Wednesday, November 13, 2013

The Best Ways to Decrease your Real Estate Taxes

As federal, state, and municipal debt continues to increase at unprecedented rates, governing bodies are constantly exploring ways to generate more income to fund their expenditures.  Real Estate taxes are a large source of revenue generation.  Therefore, if there is a way to increase your taxes, a governing body will have no issues taking advantage of the opportunity.  The following are a few tips for how to decrease your real estate taxes.

1.  Consult / Retain an Attorney Who Practices Property Tax Law - Seek referrals from your trusted sources for the contact information of a property tax attorney.  The attorney will have the experience necessary to discover a strong argument and file a property tax appeal.  It is common for the attorney to charge a small fee upfront, as well as a percentage (22 – 50%) of the reduction if the appeal is successful.

2.  Pay your Property Taxes on Time – Be sure to pay your property taxes on time.  Some counties do not allow you to move forward with an appeal if your taxes are not paid by the due date.

3.  Identify your Appeal Dates – In order to appeal your taxes, you will need to file the necessary documentation by a specific deadline.  Appeal windows vary depending on state and county.  Know these dates so you do not miss the opportunity to file your appeal.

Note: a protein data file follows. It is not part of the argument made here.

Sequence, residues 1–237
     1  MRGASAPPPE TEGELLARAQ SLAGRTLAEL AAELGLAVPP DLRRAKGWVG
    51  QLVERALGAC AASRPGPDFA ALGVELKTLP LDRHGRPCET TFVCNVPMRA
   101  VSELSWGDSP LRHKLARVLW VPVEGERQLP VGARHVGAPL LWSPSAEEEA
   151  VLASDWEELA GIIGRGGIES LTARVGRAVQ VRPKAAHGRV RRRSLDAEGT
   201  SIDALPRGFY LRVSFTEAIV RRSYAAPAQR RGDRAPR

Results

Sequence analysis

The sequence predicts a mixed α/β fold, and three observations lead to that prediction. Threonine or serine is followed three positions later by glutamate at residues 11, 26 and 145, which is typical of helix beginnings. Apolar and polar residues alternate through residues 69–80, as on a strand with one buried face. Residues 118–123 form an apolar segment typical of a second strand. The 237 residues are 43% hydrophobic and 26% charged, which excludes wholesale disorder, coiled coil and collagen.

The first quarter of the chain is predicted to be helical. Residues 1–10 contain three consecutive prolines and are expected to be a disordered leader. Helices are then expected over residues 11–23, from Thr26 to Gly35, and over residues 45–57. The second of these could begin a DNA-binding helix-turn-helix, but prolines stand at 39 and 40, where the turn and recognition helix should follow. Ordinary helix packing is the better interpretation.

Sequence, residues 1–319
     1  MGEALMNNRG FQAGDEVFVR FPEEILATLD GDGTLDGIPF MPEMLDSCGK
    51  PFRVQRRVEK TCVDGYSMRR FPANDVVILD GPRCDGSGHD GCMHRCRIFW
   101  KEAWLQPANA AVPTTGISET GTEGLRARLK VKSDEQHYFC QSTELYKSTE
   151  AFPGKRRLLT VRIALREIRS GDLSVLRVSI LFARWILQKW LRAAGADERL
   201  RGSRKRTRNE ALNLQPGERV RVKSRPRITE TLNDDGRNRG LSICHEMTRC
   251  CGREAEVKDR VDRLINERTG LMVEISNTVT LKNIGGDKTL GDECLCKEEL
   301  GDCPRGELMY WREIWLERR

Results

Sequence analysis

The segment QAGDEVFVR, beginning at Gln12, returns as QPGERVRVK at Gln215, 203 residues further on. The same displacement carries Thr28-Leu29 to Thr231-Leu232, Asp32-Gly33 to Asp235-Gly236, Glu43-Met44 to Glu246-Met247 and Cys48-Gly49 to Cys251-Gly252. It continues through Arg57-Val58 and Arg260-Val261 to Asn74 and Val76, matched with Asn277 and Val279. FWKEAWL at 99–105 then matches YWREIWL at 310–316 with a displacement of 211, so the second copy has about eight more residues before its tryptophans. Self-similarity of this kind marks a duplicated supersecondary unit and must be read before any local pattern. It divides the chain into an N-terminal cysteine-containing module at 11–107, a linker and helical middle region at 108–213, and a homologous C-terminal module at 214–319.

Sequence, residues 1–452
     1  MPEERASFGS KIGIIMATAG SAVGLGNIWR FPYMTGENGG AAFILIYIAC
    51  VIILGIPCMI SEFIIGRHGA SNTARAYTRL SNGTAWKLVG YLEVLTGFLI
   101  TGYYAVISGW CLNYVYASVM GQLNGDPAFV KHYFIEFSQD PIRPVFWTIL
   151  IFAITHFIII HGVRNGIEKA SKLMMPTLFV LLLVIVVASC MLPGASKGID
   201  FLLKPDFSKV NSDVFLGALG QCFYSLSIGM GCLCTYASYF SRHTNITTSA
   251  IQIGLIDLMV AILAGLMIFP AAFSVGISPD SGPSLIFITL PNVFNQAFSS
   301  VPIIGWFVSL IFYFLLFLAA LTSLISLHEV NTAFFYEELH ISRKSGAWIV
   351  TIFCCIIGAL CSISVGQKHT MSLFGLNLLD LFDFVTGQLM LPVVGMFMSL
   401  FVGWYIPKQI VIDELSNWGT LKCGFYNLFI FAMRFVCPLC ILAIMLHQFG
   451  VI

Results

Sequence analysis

4.  Determine How Your Property is Assessed – Again, this is county and state specific.  Knowing how often your property is assessed and how long your news assessment stays in place is critical.  Reference your county’s tax portal or website to obtain clarification.

5.  Review the Assessor Record for your Property – Each county keeps a record on the characteristics of your property.  This record is public and contains the property type, use, age, building square footage, total square footage(land), bedrooms, bathrooms, etc.  Review the record for any errors.   If the information is incorrect, it could increase the assessor’s value.

6.  Find Comparable Properties – All property records in your county are public.  When determining whether you have an argument for an appeal, review the comparable properties located with a few miles of your property.  Look for properties with similar characteristics and compare the assessed values.  If there are discrepancies in assessed values, you will have enough evidence to file your appeal.